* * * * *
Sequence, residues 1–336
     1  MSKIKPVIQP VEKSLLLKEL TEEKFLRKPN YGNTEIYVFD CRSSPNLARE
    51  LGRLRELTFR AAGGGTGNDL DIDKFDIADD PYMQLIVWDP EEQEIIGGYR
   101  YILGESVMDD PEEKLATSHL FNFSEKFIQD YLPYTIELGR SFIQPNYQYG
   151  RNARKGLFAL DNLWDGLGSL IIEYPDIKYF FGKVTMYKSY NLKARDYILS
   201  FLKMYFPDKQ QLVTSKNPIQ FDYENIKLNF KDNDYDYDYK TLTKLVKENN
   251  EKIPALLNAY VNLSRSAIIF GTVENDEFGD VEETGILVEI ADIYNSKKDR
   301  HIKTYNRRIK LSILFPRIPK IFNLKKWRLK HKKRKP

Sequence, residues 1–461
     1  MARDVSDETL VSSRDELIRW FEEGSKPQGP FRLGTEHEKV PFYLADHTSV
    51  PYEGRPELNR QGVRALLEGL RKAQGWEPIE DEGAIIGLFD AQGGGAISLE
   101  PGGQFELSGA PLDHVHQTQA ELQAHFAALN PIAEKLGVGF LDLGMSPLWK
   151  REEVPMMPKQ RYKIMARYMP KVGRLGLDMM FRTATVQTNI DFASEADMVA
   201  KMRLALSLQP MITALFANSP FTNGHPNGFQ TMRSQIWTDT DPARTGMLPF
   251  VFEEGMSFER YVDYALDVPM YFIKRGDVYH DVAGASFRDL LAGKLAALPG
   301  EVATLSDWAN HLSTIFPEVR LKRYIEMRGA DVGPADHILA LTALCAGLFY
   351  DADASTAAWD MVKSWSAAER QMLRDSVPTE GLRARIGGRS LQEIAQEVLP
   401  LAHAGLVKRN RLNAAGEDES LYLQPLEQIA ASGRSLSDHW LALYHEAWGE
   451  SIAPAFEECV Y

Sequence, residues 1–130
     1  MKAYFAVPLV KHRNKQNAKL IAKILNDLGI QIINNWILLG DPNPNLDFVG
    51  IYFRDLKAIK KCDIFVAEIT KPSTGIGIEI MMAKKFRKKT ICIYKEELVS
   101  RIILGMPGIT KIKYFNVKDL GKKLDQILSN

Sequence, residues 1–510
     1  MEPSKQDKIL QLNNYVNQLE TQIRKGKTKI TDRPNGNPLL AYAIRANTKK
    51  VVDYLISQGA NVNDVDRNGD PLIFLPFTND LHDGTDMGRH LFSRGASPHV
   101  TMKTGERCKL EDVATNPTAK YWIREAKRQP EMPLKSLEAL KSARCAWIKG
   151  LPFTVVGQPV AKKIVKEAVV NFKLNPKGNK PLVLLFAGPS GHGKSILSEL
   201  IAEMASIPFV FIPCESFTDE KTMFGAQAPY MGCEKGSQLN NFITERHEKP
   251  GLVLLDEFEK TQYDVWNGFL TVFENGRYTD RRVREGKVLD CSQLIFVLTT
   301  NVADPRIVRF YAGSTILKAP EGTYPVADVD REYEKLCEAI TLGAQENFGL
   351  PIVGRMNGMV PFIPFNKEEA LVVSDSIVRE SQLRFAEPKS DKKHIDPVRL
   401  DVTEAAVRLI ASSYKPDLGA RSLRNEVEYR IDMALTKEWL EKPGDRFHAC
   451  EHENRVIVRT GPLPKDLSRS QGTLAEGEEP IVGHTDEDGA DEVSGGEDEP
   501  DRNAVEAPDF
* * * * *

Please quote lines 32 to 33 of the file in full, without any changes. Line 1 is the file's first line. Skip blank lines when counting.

   351  PIVGRMNGMV PFIPFNKEEA LVVSDSIVRE SQLRFAEPKS DKKHIDPVRL
   401  DVTEAAVRLI ASSYKPDLGA RSLRNEVEYR IDMALTKEWL EKPGDRFHAC